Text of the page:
Only a small number of reports have analyzed changes in the etiological diagnosis of ischemic stroke in young adults over time [2, 8]. In the five-year span of our study, there was a significant reduction in the proportion of undetermined causes based on the TOAST classification. This finding was paralleled by an increase in size of the cardioembolic group. This could be attributable to the major impact that mild cardiac defects, such as PFO and atrial septal aneurysms, can have in stroke pathogenesis in the young compared with the elderly. However, it is necessary to be cautious in interpreting and handling a diagnosis of PFO [20]. First, it is occasionally difficult to detect paradoxical emboli, in situ thrombosis, and transient atrial arrhythmias. Second, other causes of stroke must be carefully excluded. Third, PFO detection can be an incidental finding. Additionally, the systematic application of a neuroradiological diagnostic workup (including brain MRIs and the analysis of extra- and intracranial circulation) could aid in the identification of other causes. A similar evolution in etiological diagnoses was recently reported by Varona et al. [8].

Another change of the diagnostic approach was the increased prevalence of noninvasive angiographic studies. It was counterbalanced by a reduction in the use of digital angiography. Although the use of traditional digital angiography is decreasing, it is still used rather frequently (in 30.6% of the cases in this study), principally to identify otherwise unknown causes of stroke.

Despite the observed changes in the types of diagnoses that were given over the study period, undetermined cases remain frequent. In our opinion, the prevalence of certain diagnoses (e.g., neurocutaneous syndromes, Fabry’s disease and other monogenic disease, arterial vasospasm, and illicit drug use) may have been underestimated given that such causes were not overtly considered by local protocols during the study period. Long-term followup of young patients with ischemic stroke could help to identify rare causes of disease. As previously reported [2, 7], coagulation studies can detect a possible cause of stroke in only a minority of patients.

With respect to the therapeutic approaches that were adopted, 4% of the patients underwent intravenous thrombolysis, and 3.7% underwent intra-arterial thrombolysis. Therefore, as was observed in older patients [21], only a minority (7.7%) of the patients who arrived within the 6-hour therapeutic window (53.7%) underwent thrombolytic treatment. This proportion did not change over the study period despite the recently reported increase in awareness of the efficacy of thrombolytic treatment in young adults [2224]. Wagner and Lutsep [21] suggest that poor disease awareness is responsible for the limited administration of thrombolysis in young people.

The most frequent surgical intervention was percutaneous PFO closure (8%). This practice reflects the emerging role of septal abnormalities in young stroke patients over the study period. Carotid surgery is restricted to a minority of young patients.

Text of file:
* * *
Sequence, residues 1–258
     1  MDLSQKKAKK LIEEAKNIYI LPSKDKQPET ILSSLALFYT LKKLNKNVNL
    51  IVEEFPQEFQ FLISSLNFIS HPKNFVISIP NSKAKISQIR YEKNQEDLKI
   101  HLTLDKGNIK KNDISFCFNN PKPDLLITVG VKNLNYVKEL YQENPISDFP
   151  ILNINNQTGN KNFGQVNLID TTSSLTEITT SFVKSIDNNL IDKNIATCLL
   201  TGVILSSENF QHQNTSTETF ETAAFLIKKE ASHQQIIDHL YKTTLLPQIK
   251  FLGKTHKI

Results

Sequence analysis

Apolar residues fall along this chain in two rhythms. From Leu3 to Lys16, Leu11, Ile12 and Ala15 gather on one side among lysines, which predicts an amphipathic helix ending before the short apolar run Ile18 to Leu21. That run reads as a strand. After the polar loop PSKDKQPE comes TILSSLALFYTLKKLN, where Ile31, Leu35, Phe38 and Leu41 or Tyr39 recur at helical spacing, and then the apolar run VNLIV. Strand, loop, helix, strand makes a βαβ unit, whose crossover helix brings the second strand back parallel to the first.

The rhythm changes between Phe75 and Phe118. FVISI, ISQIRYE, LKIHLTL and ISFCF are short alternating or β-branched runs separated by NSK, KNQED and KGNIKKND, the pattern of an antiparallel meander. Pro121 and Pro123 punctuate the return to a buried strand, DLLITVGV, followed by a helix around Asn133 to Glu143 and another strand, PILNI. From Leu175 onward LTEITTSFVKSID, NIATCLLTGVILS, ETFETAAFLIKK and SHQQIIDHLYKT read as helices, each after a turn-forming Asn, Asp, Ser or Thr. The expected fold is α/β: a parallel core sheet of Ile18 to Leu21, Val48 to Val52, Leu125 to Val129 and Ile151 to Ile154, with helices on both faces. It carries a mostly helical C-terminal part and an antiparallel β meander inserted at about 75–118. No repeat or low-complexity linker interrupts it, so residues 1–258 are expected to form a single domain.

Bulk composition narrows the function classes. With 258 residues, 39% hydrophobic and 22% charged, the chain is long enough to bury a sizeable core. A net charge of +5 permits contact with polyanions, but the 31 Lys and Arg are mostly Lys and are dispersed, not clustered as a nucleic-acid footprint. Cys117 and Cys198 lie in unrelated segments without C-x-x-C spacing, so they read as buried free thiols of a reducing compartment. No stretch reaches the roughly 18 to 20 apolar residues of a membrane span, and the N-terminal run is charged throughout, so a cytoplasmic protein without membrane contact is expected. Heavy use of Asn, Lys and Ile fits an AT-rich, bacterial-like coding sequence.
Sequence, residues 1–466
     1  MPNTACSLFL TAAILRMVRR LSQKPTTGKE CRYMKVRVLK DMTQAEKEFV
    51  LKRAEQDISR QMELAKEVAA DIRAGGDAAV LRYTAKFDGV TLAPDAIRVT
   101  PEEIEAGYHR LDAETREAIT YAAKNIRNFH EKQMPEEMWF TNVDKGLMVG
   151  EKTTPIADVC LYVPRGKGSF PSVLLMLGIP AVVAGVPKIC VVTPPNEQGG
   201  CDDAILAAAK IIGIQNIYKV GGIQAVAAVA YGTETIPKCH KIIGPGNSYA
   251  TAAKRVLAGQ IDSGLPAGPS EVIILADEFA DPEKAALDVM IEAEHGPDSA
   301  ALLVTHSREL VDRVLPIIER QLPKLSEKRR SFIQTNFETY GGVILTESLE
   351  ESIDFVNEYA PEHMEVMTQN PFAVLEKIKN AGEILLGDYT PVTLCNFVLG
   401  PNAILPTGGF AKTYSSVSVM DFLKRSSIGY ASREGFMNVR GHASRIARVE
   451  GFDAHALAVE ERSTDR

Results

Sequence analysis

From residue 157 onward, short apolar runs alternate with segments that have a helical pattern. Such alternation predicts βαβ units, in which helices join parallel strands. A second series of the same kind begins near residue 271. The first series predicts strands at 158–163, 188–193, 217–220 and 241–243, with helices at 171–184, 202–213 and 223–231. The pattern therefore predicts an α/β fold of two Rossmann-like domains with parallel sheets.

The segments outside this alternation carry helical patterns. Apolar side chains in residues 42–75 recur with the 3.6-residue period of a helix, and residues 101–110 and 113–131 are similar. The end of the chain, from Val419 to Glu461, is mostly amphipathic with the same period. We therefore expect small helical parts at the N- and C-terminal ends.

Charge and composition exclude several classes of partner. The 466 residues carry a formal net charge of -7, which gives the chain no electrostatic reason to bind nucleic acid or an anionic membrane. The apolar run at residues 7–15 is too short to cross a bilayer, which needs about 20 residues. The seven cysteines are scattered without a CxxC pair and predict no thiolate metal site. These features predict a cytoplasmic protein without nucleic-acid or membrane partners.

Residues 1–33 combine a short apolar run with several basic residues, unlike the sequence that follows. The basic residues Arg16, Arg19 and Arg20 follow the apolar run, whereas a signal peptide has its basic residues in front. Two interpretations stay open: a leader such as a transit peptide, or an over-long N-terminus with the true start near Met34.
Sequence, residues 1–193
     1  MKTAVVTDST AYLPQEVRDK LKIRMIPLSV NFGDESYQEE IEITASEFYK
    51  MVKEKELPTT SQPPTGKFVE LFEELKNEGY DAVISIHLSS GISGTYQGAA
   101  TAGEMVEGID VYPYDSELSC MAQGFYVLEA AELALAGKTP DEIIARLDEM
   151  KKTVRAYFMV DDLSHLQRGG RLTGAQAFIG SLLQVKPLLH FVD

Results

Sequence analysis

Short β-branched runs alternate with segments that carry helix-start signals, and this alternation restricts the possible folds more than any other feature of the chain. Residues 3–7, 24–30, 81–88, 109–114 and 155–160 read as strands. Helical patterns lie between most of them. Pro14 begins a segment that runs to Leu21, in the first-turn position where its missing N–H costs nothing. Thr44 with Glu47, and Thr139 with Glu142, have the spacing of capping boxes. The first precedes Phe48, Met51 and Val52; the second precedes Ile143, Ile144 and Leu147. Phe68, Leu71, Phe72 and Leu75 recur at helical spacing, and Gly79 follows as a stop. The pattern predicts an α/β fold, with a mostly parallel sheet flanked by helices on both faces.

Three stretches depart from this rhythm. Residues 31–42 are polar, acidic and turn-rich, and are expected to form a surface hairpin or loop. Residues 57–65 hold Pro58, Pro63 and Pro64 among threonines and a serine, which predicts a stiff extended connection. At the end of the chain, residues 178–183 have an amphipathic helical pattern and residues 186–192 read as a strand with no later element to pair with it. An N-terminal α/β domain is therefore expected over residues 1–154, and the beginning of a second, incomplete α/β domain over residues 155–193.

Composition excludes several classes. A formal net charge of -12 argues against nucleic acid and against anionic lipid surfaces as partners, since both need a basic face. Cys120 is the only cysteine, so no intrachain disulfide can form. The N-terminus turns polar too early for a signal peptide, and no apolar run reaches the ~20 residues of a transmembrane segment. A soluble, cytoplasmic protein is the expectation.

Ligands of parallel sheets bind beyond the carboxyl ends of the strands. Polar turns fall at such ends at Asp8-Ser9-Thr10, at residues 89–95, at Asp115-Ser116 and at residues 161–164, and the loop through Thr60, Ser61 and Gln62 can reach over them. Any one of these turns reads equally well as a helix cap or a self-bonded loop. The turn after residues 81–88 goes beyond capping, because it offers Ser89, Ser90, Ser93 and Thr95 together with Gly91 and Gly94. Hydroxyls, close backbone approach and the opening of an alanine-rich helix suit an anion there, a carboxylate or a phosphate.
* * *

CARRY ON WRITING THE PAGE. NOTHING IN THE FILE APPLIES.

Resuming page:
Intrahospital mortality and complications were rare in this study. The short period of observation that corresponded to the acute phase and the young age of the patient sample may explain the low mortality rate that was observed. Short-term outcomes were generally good, particularly for lacunar infarcts. However, the prognostic implications of cerebral small vessel disease are still unclear, as is reported in older patients [25].

The primary limitation of this study is the retrospective design. The advantages include the exclusion of nonischemic stroke and TIA patients, the large number of the patients in the sample, and the relatively short study period. The multicentric setting of the study does not appear to have influenced our results, as no major differences were identified between the centers.

In conclusion, the present study describes the characteristics, the diagnostic flow charts, and the treatment strategies for ischemic stroke in young patients that are currently used in clinical practice. Our results highlight the importance of vascular risk factors in young adults and suggest the requirement for stroke prevention strategy optimization in this population. The improvement in diagnostic workup over the study period reduced the number of undetermined strokes. Certain limitations remain in the management of these patients, especially with regard to the low impact of thrombolysis. The relatively favorable short-term prognosis that was observed in the study sample should be reassessed in a longer follow-up study.

Conflict of Interests

The authors state that there is no conflict of interests.

Authors’ Contribution

L. Tancredi and F. Martinelli Boneschi contributed equally to this work.

Supplementary Materials

Details of registered cerebrovascular risk factors and their definitions.

  1. Supplementary Material


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Copyright © 2013 L. Tancredi et al. This is an open access article distributed under the Creative Commons Attribution License, which permits unrestricted use, distribution, and reproduction in any medium, provided the original work is properly cited.